Texans can dial 2-1-1 (option 6) for information on COVID-19 and local community resources on health care, utilities, food, housing and more. For more information and resources about COVID-19, visit the Department of State Health Services COVID-19 page.
You may have heard about “social distancing”. This can be a hard concept for young adolescents to understand. “Social distancing” is a term applied to certain infection control actions that should slow down the spread of a highly contagious disease. Officials want people to reduce the amount of contact with others to reduce the chance of spreading the disease.
- Avoid close contact with others.
- Whether you’re at work, at a store or anywhere else, practice social distancing. Keep at least 6 feet of distance between yourself and others. Remember that some people without symptoms can be infected and spread the virus.
- Wash your hands often.
- Wash your hands often with soap and water for at least 20 seconds. If soap and water are not readily available, use a hand sanitizer containing at least 60 percent alcohol. Avoid touching your eyes, nose and mouth.
- Cover coughs and sneezes.
- Cover your coughs and sneezes with a tissue. Throw the tissue in the trash and wash your hands afterward.
- Clean and disinfect frequently touched surfaces.
- The virus may live on different surfaces for different lengths of time. Clean frequently touched surfaces.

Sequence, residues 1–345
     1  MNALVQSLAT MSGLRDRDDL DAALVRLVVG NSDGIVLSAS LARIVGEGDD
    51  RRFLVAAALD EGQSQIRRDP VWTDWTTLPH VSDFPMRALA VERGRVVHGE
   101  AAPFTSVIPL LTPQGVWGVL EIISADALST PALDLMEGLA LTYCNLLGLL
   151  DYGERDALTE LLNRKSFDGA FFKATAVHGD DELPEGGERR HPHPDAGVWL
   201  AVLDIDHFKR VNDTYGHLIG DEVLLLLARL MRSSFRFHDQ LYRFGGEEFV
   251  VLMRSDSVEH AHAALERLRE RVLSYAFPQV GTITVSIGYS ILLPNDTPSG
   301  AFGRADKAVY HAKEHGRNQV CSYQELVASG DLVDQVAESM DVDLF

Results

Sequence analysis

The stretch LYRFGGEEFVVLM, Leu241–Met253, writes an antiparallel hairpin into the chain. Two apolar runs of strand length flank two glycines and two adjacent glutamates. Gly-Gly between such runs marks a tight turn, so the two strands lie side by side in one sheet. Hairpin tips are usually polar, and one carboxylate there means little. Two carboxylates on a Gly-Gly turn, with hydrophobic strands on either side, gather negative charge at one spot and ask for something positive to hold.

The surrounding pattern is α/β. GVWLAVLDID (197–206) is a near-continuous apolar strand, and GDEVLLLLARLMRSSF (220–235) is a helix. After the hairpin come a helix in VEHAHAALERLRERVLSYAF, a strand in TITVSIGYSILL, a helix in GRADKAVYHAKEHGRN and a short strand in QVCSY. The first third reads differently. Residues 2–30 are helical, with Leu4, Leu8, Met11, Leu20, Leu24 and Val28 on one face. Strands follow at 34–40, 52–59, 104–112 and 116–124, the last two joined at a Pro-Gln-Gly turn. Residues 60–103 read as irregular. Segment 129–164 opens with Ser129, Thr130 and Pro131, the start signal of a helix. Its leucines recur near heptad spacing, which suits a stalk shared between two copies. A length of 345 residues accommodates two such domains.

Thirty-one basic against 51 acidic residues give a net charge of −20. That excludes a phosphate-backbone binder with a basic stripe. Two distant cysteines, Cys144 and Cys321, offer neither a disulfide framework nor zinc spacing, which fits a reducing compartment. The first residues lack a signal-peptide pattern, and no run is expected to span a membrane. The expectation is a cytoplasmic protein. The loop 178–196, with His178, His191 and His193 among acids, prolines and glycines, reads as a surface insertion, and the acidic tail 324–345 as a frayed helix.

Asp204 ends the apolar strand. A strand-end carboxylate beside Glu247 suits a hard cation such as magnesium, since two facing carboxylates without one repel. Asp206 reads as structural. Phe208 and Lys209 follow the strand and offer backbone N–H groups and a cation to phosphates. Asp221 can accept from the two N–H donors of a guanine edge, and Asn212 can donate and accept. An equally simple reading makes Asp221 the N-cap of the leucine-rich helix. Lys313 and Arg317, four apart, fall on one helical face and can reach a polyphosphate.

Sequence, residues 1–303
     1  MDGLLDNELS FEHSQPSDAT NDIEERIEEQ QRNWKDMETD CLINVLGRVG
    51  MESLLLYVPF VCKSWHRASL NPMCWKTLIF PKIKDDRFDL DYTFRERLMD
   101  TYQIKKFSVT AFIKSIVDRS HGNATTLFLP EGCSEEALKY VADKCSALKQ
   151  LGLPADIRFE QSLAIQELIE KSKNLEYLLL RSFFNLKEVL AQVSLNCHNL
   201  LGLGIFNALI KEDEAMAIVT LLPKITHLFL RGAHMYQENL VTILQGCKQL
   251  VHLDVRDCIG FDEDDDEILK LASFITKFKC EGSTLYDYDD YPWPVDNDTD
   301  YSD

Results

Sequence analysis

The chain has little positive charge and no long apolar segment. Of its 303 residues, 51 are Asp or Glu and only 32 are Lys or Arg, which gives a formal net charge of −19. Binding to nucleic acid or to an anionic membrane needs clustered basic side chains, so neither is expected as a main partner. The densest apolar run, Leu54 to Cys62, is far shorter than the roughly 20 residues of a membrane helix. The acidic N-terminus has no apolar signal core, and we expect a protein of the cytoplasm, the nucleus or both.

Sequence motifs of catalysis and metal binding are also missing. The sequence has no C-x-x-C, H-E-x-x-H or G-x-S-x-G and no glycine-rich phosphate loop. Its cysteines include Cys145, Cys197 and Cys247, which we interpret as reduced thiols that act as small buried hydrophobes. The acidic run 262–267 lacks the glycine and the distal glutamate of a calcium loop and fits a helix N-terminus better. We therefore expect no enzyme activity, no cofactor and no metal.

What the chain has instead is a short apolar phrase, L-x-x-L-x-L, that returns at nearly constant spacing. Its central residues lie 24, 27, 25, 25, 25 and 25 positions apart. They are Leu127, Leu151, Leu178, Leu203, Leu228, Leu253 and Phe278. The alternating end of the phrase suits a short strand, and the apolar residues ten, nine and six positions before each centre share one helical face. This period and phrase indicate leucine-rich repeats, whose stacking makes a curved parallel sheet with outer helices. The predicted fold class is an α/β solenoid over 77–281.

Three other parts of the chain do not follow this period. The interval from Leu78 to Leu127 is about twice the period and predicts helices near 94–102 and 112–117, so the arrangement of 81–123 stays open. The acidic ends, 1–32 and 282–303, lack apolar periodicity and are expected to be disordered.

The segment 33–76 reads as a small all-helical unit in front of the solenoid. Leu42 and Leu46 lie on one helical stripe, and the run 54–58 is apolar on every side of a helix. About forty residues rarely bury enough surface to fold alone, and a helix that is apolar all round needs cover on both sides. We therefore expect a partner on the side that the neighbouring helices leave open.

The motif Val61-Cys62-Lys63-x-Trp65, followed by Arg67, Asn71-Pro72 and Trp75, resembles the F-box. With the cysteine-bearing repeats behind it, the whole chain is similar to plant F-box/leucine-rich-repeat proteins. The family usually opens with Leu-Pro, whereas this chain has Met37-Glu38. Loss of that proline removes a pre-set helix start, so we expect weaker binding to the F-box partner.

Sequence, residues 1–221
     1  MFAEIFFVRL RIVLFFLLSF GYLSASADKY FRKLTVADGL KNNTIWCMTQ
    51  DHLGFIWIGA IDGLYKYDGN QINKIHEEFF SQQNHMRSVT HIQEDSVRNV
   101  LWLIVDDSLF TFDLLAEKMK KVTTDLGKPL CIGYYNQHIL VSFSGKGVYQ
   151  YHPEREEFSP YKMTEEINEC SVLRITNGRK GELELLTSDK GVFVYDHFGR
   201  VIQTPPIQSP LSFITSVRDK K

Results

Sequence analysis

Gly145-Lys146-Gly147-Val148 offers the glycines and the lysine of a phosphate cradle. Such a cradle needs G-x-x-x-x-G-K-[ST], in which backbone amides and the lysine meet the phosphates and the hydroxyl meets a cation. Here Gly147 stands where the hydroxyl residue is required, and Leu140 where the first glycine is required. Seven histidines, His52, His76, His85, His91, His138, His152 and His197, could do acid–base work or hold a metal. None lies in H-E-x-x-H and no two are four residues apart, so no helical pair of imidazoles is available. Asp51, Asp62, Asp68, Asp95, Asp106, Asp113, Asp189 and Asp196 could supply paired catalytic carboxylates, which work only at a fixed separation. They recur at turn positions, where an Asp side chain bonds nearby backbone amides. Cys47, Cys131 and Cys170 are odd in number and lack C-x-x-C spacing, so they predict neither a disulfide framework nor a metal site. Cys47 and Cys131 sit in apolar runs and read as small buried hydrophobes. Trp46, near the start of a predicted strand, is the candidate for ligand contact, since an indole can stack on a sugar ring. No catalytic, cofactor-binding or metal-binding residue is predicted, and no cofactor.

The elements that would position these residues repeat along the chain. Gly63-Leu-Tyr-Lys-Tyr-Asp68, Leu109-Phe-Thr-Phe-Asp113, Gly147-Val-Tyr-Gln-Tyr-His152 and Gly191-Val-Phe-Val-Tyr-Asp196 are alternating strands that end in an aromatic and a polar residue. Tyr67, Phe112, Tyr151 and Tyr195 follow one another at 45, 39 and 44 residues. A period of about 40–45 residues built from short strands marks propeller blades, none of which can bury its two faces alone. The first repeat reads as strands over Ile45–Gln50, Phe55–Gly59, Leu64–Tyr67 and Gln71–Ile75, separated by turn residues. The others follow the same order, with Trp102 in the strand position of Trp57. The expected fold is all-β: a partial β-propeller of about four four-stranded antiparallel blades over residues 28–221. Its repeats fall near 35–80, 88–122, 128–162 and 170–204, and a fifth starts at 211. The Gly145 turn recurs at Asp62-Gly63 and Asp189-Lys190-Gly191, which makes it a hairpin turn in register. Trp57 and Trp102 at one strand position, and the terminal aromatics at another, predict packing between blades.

- When to stay home.
- Stay home if you have had known contact with someone who has been diagnosed with COVID-19 or you feel sick.
- Stay home if you have been diagnosed with COVID-19 even if you don’t feel sick.
The Texas Department of State Health Services' (DSHS) Newborn Screening Program created a fact sheet to answer frequently asked questions about vaccinating children and adolescents with sickle cell disorders to protect them against COVID-19.
You can download the fact sheet from the link below.
Sickle cell disease includes a group of related disorders that affect a person's red blood cells. It is caused by a change in the genes that make hemoglobin which is the substance in red blood cells that carries oxygen.
Children and adolescents with sickle cell disease are more likely to become seriously ill. They could get hospitalized or die from COVID-19. It's important for adults to get the COVID-19 vaccine to protect children too young to get vaccinated.
For more information about Maternal and Child Health or Adolescent health in Texas, please contact us at:
Texas Department of State Health Services
Maternal & Child Health
PO Box 149347, Mail Code 1922
Austin, TX 78714-9347
(512) 776-7373: Phone
(512) 458-7658: Fax
External links are informational and do not have the Texas Department of State Health Services endorsement. These external links may not be accessible to individuals with disabilities.